The Aestheticism

(by Richard Altick)
The Influence of 
D.G. Rossetti
Walter Pater
Oscar Wilde 
The Decadent
The Influence of D.G. Rossetti
"The Aesthetic vogue of the later seventies and the eighties [in the 19th century] was an outgrowth of Pre-Raphaelitism, with a different cast of characters.  The connecting link was Rossetti, whose poetry and painting inspired the Aesthetes.  . . . Rightly or wrongly, . . . the Aesthetes interpreted his artistic aim as the pursuit of beauty, divorced from social meaning.  More justifiably, they recognized in him their own strong inclination to look into their soul's as they wrote or painted.  In Rossetti's poetry the Victorian bias in favor of objectivity was reversed, and the romantic mode of introspection and confession resumed.

Walter Pater
Pater was the exponent of a carpe diem philosophy suited to an age when the old certainties were crumbling.  . . .Live "intensely"..., abandon your delicately responsive sensibility to the constant play of sensations and impressions--sight, sound, odor, touch, taste.
    This is, intentionally, a gross over-simplification, though not necessarily a falsification, of Pater's "new Cyrenaicism," or hedonism.  It has the advantage of suggesting the way he was read and explaining the kind of influence he had.
    [Pater's aesthetic philosophy] resulted in the apotheosis of beauty as the supreme experience of life, and of art as the superior reality, atoning for the deficiencies of nature and totally unlike any other kind of human activity . . . .  Aestheticism offered the mode of experience farthest removed from anything else available in an industrial world. . . .
    It followed that life itself was viewed as an art. The Aesthetes replaced the brassy hedonism of the pleasure-pain calculus with the ethereal hedonism of pure beauty, however captured and savored.

Oscar Wilde
To Pater's disciples, the only reality worth seeking was not material goods but an intangible--the individual human experience.  . . . "Life," said Wilde in A Woman of No Importance, "is a mauvais quart d'heure made up of exquisite moments."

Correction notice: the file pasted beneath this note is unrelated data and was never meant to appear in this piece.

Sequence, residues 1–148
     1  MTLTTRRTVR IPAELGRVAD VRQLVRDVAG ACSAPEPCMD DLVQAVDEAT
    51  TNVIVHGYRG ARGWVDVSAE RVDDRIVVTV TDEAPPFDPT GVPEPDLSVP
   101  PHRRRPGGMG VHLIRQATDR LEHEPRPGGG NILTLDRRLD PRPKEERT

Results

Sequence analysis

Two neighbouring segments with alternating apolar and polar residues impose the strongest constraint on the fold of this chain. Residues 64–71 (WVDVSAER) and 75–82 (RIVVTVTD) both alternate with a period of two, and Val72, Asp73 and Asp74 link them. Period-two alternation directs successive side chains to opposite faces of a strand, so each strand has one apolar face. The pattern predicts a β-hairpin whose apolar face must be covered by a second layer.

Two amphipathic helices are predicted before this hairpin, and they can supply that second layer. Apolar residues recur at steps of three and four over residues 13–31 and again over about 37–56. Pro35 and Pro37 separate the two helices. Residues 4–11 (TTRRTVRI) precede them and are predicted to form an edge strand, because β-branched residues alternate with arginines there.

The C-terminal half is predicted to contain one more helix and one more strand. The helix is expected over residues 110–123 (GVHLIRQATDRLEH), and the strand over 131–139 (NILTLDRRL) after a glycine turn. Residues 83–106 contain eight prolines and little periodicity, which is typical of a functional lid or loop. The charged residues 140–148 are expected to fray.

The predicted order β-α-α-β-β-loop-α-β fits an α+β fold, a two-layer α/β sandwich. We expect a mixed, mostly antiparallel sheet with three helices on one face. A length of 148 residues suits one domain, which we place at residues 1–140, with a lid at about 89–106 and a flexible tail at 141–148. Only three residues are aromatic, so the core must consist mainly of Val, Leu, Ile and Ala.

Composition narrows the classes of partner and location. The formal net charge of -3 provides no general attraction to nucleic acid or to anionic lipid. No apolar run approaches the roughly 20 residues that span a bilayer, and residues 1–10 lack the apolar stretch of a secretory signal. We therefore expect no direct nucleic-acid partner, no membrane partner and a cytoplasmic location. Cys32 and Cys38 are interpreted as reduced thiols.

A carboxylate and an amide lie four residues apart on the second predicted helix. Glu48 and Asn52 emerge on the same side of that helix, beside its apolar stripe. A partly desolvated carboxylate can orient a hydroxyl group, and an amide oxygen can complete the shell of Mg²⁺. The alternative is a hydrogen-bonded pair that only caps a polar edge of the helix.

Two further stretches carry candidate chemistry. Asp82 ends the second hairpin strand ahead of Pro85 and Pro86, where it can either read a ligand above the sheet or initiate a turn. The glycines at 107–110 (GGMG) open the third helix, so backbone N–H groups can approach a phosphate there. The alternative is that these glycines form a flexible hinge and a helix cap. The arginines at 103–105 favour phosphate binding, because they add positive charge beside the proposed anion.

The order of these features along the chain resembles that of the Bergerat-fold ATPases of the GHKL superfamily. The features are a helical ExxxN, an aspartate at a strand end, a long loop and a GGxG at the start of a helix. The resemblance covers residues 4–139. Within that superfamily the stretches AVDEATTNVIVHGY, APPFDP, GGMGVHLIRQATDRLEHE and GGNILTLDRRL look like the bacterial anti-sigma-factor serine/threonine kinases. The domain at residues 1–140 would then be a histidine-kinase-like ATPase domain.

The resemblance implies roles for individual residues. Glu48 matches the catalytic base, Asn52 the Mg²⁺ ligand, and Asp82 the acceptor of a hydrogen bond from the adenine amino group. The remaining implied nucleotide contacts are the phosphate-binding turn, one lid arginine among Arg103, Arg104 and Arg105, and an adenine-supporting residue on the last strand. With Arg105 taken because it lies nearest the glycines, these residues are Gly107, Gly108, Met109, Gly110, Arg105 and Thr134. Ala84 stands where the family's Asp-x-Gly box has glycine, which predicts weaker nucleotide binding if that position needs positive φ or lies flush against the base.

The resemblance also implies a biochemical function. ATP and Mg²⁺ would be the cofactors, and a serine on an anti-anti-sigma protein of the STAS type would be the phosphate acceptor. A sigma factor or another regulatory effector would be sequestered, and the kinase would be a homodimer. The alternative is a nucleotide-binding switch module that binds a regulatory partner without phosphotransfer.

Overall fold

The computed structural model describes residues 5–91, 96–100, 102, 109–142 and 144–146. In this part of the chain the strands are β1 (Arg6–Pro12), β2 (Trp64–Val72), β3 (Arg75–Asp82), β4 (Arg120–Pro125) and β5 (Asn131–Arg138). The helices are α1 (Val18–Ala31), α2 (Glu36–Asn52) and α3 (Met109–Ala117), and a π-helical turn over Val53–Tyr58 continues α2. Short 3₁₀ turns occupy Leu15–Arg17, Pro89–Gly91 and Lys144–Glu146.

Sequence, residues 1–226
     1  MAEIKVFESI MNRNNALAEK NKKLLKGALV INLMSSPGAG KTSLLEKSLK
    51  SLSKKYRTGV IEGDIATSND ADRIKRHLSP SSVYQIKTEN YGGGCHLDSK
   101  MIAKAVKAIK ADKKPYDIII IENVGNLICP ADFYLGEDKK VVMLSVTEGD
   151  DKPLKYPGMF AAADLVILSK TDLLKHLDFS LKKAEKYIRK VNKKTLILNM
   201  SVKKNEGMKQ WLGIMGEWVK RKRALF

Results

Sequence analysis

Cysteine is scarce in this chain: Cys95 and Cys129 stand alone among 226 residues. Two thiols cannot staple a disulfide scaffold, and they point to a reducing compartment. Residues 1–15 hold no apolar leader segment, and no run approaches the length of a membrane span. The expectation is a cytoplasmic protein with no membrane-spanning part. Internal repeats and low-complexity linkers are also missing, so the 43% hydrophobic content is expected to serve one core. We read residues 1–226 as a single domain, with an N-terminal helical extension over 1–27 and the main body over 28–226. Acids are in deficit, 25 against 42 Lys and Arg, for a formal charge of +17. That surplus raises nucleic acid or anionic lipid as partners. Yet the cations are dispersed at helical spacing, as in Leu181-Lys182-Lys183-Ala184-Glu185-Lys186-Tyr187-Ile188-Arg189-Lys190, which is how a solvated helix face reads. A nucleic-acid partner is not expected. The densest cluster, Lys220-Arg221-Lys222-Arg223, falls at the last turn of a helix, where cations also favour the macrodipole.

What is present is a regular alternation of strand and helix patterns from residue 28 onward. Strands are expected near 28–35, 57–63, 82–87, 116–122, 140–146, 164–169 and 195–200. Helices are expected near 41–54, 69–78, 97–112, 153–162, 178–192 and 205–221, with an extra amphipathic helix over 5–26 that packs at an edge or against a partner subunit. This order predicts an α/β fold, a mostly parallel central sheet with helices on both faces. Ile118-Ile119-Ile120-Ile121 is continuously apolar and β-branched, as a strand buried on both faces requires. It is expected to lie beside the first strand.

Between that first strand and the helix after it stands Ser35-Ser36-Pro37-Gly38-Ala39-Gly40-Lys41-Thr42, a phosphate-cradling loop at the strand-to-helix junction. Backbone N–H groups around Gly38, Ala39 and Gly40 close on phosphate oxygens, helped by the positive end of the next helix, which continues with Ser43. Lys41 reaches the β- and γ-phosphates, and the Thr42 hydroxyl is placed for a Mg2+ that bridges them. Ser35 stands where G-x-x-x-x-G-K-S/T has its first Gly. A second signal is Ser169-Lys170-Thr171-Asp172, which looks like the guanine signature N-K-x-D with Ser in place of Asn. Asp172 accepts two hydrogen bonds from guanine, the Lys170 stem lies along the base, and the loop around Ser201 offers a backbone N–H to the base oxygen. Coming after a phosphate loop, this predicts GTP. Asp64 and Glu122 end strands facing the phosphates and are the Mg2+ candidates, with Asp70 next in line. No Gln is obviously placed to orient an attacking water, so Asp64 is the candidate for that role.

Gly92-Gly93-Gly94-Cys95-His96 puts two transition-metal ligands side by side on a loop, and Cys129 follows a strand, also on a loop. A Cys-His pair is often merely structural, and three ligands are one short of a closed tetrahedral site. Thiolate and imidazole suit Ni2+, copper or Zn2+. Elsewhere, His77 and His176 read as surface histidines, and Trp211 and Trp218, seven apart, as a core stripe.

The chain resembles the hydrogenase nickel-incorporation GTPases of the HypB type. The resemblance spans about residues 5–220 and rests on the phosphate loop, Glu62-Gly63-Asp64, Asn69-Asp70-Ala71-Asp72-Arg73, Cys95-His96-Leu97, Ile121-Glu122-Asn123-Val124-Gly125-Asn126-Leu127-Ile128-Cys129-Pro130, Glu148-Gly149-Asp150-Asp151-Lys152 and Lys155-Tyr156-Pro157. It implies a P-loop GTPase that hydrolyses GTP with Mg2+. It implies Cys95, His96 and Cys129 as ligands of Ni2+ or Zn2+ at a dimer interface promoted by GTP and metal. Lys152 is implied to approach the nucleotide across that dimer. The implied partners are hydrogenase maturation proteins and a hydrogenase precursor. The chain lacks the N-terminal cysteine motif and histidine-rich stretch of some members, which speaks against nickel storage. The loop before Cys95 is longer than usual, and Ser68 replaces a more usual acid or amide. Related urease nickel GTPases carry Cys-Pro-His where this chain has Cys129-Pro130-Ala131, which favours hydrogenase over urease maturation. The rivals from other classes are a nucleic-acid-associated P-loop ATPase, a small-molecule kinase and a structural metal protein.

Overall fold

And so Aestheticism involved a complete revulsion against received standards of values.   . . .
    Nothing better symbolized this spirit of revolt against the contemporary bourgeois spirit than the flamboyant costumes of the publicity-conscious Wilde set adopted as an outward sign of their defiance.  It was most fitting that an age which had been ushered in by the Regency dandy should be ushered out by his grandchildren in velvet knee breeches.  Dandyism framed the Victorian period.   But these men and their willowy, Rossetti-inspired women postured, as their forebears decidedly had not done, in the cause of Beauty.  

The Decadent
As a token of their contempt for respectability, the Decadents extended the Aesthetes' cultivation of the senses tothe realm of the abnormal and perverse (according to the prevailing moral standards): sexual aberration, drug-taking, absinthe-drinking--an array of viced sufficient to rend the whole massive monolith of Victorian morality.

Richard Altick.  Victorian People and Ideas.  NY: Norton, 1977: 291-97.